I see this kind of language in proposed severance agreements all the time. Something to the effect of, "Employee represents that he is unaware of any violations of any law, statute, ordinance or government regulation by Employer, its agents, employees, officers or directors." There are all kinds of problems with this seemingly benign language, as Penn State's former President may be about to find out.
You see, Penn State is countersuing Graham Spanier, who sued them for breach of his severance contract. Their claim is that Spanier knew of the former football coach's sexual misconduct and didn't disclose it. They say he had a duty to disclose. And if he had language in his severance agreement representing he didn't know of any legal violations by any of their employees, they may be right.
If he's in breach of his severance agreement, they may not have to pay the severance, or may get to demand he repay all or part of it.
The more common problem I see with language like this is that the severance agreement was presented after the employee raised issues of discrimination or blew the whistle on some illegal activity. My cure for that is to add to the clause, "that he hasn't already disclosed." That way, if he's disclosed race discrimination, unpaid wages or any other issues, he isn't lying that there were no such issues.
However, if you have any such language in your agreement, you'd better make sure you have disclosed every single legal violation you know of. Otherwise, you could be in trouble.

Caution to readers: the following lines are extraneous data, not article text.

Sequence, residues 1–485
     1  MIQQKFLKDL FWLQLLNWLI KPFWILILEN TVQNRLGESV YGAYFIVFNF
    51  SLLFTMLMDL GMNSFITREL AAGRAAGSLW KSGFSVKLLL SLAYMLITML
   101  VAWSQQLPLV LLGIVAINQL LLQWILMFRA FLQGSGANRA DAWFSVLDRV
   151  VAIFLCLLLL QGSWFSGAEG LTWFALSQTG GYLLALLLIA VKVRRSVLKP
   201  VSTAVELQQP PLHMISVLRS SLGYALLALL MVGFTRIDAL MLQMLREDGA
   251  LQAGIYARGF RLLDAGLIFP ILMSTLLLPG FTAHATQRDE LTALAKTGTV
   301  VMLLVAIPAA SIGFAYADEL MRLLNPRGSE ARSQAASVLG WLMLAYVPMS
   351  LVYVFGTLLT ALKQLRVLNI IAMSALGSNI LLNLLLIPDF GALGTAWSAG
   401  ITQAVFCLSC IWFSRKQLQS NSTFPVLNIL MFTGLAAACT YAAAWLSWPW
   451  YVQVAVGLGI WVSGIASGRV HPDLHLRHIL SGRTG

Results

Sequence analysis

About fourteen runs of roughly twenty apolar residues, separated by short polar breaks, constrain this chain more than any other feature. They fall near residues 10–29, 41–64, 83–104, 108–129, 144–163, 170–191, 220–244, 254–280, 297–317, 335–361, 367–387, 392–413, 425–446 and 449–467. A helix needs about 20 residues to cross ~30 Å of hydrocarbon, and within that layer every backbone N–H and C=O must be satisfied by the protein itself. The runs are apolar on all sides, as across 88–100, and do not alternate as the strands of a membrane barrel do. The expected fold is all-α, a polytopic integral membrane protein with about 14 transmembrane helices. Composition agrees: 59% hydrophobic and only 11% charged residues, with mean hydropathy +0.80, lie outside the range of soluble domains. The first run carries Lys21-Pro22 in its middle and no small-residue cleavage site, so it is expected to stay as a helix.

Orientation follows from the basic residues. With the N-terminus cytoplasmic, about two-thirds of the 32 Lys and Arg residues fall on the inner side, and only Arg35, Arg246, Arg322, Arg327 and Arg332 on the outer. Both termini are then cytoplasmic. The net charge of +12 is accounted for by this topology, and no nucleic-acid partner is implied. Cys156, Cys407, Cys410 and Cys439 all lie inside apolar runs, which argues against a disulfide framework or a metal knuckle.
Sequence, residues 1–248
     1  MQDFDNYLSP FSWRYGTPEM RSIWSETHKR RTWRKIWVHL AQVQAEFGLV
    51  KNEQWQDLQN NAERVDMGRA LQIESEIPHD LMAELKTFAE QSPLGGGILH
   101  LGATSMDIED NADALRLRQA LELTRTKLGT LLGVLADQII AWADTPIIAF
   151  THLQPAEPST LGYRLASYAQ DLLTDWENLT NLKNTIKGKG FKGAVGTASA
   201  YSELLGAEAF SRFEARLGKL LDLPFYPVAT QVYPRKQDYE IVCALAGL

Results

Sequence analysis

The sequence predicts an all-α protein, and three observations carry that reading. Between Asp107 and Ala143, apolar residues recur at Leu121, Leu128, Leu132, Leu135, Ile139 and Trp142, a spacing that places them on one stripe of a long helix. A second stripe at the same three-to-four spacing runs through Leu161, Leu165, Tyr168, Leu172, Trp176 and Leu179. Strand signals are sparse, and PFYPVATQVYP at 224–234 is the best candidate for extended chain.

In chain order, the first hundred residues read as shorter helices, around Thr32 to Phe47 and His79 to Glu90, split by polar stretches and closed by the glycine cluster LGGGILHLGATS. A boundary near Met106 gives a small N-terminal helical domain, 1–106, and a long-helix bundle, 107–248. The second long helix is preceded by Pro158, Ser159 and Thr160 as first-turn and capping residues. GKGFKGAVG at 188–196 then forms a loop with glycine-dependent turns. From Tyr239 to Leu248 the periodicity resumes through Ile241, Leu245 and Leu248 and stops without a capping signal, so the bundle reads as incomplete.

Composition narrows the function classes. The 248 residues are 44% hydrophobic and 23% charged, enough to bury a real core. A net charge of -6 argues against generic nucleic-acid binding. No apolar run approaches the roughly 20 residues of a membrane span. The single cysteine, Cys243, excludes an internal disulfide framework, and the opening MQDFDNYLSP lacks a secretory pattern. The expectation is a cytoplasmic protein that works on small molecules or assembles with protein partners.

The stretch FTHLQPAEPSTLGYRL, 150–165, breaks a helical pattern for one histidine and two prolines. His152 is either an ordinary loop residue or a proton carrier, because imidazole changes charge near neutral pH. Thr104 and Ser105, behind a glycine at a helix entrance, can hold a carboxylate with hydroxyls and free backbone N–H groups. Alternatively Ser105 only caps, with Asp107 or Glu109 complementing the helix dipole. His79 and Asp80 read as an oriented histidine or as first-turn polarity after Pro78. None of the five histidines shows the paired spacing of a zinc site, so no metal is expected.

I'm not sure if Spanier's contract has this language. They seem to be alleging that he defrauded them by not disclosing material information, and that had they known he covered up Sandusky's misdeeds, they wouldn't have entered into the agreement. That's a whole 'nuther kettle of fish. Fraud is tough to prove. If they're trying to negate his contract based on fraud or some duty to disclose, I think they'll have a difficult time.
This case is a cautionary tale for anyone thinking about signing a severance agreement. Read it carefully and make sure you comply. If you can't, or it says something that isn't true, ask that it be changed before you sign.
Have a general question about employment law? Want to share a story? I welcome all comments and questions. I can't give legal advice here about specific situations but will be glad to discuss general issues and try to point you in the right direction. If you need legal advice, contact an employment lawyer in your state. Remember, anything you post here will be seen publicly, and I will comment publicly on it. It will not be confidential. Govern yourself accordingly. If you want to communicate with me confidentially as Donna Ballman, Florida lawyer rather than as Donna Ballman, blogger, my firm's website is here.